It’s nothing new that food and fitness have been gamified to help people reach their health goals. For those who are competitive, the game aspect can make getting healthy fun and tangible, celebrating each accomplishment along the way. Lose 10 pounds and treat yourself to a new workout outfit? Booyah. Workout 6 days a week and reward yourself with a massage? Saweet. Beat your friends in reaching your step goal every day this week? Holla!
Accomplishments are always worth celebrating, but I have a problem with basing your wellness goals entirely off of rewards. If you don’t hit your goal, whether it’s going a whole 30 days without grains, dairy, legumes, or anything processed, or even just making it to the gym in the morning once a week, it can create negative pressure on yourself.
In theory, we’re all light hearted and don’t take ourselves seriously. Drunkenly eat pizza? Eh, it’s just one meal. Decide to sleep in instead of going to the gym on one day? It’s only one day. However, those who set goals around rewards are often more competitive. Competitive people don’t usually participate unless they want to win. Research shows that gamification can help short-term goals, but without intrinsic motivation, it might not be sustainable over longer periods of time.
If someone is doing the Whole30 and eats one slice of pizza or a cupcake while out with friends, the rules say that you have to start the Whole30 over again. It’s a punishment to yourself for fudging up (pun intended) and forcing you to work harder for even longer.
“I can’t eat any pizza or sweets. Those are the RULES!”
A few Facebook videos have shown that so much of the “health news” is literally fake news. What The Health uses scare tactics to claim that all meat is going to kill you, instead of pointing out the differences between processed “meat” like hot dogs and grass-fed, organic beef. You can’t take anything for face value, and you sure as hell shouldn’t live solely by the rules of someone who has created an entire industry of off the paleo diet.
I’ve claimed before that most people struggle with disordered eating of some sort, and gamified goals lead to disordered eating. If you feel obligated to track every single bite of food that entires your mouth, even if it’s just a potato chip or one grape, that’s disordered eating.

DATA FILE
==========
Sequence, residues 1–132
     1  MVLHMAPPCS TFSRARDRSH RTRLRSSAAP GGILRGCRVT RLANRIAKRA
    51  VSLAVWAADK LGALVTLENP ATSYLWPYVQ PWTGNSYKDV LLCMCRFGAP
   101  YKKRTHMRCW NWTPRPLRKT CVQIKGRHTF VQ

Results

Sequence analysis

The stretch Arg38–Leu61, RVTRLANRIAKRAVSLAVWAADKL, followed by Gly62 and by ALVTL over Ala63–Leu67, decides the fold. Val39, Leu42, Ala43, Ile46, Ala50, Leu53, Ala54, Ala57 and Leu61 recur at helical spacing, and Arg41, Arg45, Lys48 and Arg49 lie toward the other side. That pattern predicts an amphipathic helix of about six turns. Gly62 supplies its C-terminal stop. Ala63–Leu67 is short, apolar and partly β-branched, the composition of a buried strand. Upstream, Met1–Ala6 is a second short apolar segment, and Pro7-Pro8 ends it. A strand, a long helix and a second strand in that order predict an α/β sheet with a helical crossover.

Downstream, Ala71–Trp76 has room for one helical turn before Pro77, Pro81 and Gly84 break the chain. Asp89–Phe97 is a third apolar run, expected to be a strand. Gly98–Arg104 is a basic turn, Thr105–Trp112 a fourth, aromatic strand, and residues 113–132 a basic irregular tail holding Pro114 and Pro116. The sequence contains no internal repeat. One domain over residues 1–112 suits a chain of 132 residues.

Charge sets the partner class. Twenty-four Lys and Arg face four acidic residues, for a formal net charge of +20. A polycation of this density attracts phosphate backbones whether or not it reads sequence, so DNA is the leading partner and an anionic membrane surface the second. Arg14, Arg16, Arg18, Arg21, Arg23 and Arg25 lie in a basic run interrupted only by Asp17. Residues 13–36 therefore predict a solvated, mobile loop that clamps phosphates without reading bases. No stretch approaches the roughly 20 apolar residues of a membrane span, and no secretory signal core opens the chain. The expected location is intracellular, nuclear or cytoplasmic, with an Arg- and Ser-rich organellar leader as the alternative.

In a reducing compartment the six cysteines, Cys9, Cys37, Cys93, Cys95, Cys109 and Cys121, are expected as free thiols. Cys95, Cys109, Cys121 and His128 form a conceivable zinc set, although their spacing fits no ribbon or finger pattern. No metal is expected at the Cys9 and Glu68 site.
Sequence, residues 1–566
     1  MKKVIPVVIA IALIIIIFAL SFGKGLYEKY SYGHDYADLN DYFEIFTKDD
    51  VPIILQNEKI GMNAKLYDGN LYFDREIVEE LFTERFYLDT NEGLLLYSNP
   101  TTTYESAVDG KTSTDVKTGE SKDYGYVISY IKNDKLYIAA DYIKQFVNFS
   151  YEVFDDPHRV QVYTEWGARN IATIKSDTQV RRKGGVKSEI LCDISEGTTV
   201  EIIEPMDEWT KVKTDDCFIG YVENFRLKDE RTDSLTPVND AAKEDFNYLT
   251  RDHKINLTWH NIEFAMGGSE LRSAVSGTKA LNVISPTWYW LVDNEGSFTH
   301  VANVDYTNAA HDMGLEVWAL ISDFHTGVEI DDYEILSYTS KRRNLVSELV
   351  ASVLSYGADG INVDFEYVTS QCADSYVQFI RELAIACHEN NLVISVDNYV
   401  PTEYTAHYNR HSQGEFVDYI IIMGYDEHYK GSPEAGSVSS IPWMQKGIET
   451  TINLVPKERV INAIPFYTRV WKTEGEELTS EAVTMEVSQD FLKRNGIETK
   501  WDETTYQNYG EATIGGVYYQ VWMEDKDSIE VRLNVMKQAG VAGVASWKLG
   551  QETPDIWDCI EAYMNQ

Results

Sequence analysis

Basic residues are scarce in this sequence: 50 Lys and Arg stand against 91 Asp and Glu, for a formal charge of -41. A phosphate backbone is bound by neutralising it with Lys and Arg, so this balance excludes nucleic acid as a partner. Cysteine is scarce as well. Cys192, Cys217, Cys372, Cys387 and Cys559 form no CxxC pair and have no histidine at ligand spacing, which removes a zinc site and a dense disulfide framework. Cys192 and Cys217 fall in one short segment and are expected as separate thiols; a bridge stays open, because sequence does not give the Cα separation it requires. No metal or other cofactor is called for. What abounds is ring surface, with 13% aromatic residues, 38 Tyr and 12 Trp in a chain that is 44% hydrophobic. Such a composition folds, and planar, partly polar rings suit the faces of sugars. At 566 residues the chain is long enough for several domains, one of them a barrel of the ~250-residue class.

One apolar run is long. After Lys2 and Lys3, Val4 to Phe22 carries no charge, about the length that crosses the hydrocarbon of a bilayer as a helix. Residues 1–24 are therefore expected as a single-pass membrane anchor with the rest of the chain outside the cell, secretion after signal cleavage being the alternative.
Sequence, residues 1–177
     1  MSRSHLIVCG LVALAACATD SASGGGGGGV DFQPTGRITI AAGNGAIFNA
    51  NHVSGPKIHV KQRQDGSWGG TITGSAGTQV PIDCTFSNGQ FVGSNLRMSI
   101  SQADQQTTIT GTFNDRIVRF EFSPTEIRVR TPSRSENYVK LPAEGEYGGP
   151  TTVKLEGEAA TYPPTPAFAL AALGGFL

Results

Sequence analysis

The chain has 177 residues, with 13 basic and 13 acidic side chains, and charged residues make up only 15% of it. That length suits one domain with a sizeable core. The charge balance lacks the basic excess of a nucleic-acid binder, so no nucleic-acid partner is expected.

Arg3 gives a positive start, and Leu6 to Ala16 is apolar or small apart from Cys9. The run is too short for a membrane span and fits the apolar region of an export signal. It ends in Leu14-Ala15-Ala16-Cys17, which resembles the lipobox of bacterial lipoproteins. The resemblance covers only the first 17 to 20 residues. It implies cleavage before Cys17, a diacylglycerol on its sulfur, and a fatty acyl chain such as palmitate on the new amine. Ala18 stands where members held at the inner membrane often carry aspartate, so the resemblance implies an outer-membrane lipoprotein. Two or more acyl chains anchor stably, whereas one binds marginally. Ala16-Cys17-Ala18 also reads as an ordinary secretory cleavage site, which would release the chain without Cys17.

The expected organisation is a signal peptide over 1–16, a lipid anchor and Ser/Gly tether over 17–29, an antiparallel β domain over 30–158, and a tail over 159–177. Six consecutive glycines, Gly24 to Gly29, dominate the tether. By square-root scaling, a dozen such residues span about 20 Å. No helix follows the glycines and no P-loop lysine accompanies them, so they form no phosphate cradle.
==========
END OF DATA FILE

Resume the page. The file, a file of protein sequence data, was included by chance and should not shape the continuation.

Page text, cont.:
No, it’s not anorexic or bulimic, but food shouldn’t be down to the science or a game of tracking. We all know damn well that not all potato chips are created equal: you could have one of those massive ones that makes you open as wide as you do for the dentist, or it could be half of one that got broken in the bag. Do you really want to count all 10 of your full-sized chips, 20 of your half-sized chips, and 40 of your crumbs?
LOL. You have way better things to do with your time. I know it.
It can easily get competitive to track your weight, body fat, food, or exercise, especially with friends, but certain things weren’t meant to be gamified. Food is meant to be enjoyed, and you shouldn’t have to deprive yourself of a yummy donut in exchange for a digital trophy that says, “You hit your macros for the day!”
Physical activity isn’t always the most accurate when gamified. If you have any sort of fitness tracker, you’ll know that running reports the highest calorie burn. Yes, running may burn more calories than weightlifting, HIIT, or even indoor cycling, but it can convince you that running is better. It doesn’t take the importance of strength training into account, and even during your yoga flow, your tracker might buzz to tell you to move. If you rely solely on fitness trackers, the gamification can skew your perception of fitness.
Personally, I can get competitive with my step goal. Some days, I feel so obligated to reach those 10K steps no matter what! And don’t get me started with tracking my sleep. However, what would happen if we took off our watch for the day? All of your steps, movement, and sleep still happened, even if a tracker didn’t capture them. You can be healthy without a digital, gamified report.
There are much more efficient, enjoyable, and sustainable ways to reach your health and fitness goals. Want to know how? Email or message me to setup a consultation. In addition to being a fitness trainer, I’m also a behavior change specialist and love empowering others to take ownership of their health!
Rooting for you always,
++ Mary K